3 Brexit pairs to trade
Trade talks have now finally reached the ‘intensive’ stage in the process of trying to reach a deal. The signs of potential progress mark a turnaround from late last week, when the UK threatened to walk away without any agreement unless the EU showed a ‘fundamental change of approach.’ The political posturing is no more (at least for now!), and the market has gained confidence from this. This has been further bolstered thanks to the extension of talks until Wednesday this week, from Sunday, and then in Brussels the next day, as positive signs continue to emerge.
The bottom line: If a ‘thin’ deal gets announced, then sterling will rally because it would finally take the risk of an economic shock from a no deal off the table. But risks seem asymmetric and losses will be much larger should talks fail.
GBP/USD waiting for news
Cable has been buffeted by Brexit headlines over the last few months with acrimony and then modest agreement between the two camps. Most recently, swings in EUR/USD have determined price action in GBP/USD and this may remain the case as we await developments around a final agreement.
GBP/USD Daily Chart
We’ve seen an upward channel from the last week in September but the 61.8% Fib level of last month’s decline at 1.3174 acted as resistance last week. With prices now falling back to the 50-day moving average around 1.3014, having touched the 38.2% Fib level earlier Monday, can this act as a short-term floor?
EUR/GBP rangebound…ready for breakout?
The pair most affected by Brexit has been trading in a relatively narrow range between 0.90 and 0.9160 for the last month. The sharp selloff last week was not able to push below the lower band and prices have been trading around the 100-day moving average.
EUR/GBP Daily Chart
The longer the pair compresses and coils, the bigger the breakout might potentially be and longer-term momentum is modestly for higher prices – that would mean negative news is on the horizon in terms of Brexit with the bulls aiming for the late and mid-September highs. Or might the ECB meeting Thursday have the capacity to see EUR/GBP break to the upside on a less dovish Lagarde?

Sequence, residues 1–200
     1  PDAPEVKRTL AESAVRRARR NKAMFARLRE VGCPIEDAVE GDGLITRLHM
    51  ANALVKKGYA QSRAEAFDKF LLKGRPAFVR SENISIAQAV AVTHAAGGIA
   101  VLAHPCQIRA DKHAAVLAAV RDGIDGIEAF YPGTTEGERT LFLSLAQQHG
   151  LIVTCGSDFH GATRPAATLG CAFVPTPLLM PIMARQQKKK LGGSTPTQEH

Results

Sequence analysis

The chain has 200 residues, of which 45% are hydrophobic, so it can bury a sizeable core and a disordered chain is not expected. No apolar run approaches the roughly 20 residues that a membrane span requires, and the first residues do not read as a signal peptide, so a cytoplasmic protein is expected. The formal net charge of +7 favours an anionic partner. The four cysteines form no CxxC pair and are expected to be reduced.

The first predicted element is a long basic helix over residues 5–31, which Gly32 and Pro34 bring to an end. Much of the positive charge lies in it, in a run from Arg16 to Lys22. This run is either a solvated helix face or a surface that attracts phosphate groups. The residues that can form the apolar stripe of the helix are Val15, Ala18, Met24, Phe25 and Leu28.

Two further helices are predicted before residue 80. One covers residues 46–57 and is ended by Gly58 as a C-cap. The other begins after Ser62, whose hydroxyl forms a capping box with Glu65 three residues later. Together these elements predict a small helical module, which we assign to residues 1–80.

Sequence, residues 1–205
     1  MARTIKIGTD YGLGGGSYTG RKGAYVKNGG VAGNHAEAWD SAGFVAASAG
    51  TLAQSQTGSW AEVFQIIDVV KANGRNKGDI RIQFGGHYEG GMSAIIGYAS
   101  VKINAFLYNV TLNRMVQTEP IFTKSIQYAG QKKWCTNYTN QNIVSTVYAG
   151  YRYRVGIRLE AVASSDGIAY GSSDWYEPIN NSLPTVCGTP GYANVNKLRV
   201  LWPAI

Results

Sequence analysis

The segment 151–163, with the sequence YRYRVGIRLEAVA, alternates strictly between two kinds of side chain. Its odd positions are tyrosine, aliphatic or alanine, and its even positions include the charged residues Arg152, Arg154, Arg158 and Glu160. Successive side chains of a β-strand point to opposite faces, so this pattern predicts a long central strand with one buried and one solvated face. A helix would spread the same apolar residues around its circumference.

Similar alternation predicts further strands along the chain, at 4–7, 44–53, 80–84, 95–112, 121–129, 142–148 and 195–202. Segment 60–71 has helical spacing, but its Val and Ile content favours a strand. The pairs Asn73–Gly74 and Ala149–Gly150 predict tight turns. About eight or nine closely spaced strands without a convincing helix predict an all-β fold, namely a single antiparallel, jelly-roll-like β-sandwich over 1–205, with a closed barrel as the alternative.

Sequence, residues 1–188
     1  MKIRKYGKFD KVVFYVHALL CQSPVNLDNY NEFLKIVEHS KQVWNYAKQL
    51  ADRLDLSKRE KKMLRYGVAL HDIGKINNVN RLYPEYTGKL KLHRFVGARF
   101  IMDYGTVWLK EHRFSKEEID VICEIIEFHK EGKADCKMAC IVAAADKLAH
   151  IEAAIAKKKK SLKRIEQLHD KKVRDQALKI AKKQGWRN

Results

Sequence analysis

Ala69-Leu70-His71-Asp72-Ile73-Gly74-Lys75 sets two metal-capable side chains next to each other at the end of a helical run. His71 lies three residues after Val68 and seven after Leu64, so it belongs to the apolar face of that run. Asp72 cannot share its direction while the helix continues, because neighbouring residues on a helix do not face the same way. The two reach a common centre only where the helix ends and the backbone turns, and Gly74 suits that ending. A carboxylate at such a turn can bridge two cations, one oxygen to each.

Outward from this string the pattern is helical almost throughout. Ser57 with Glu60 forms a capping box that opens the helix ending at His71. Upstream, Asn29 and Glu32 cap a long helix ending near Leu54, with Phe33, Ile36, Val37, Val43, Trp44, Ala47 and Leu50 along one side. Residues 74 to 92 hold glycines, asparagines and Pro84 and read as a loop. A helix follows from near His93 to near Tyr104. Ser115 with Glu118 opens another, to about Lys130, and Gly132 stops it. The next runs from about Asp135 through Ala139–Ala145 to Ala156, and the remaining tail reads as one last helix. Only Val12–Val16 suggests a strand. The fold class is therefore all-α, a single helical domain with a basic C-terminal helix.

On the flip side, if any substantial positive Brexit updates can push through 0.90, there is not much support before the September low at 0.8865.
FTSE 100 stuck in bearish channel
Given that 77% of FTSE100 revenues come from overseas, it is often assumed that there is negative relationship between sterling and the leading UK stock market. A weaker pound pushes the benchmark higher as repatriated earnings from abroad increase in value. But sometimes it isn’t so straight forward, especially as we need to consider wider global macro issues. The FTSE100 is weighted to financials, energy and material companies which means they have invariably been hit by the Covid-induced economic weakness, depressing both commodities and interest rates.
FTSE100 Weekly Chart
We can see the series of lower highs and lower lows that the index has carved out over the last few months on the weekly chart. The index is roughly midrange and looks set to go lower if it takes out last week’s low at 5716. Support after that would come at the lower part of the channel around 5500. The bulls will need to climb back to 6,000 to stop the downtrend.
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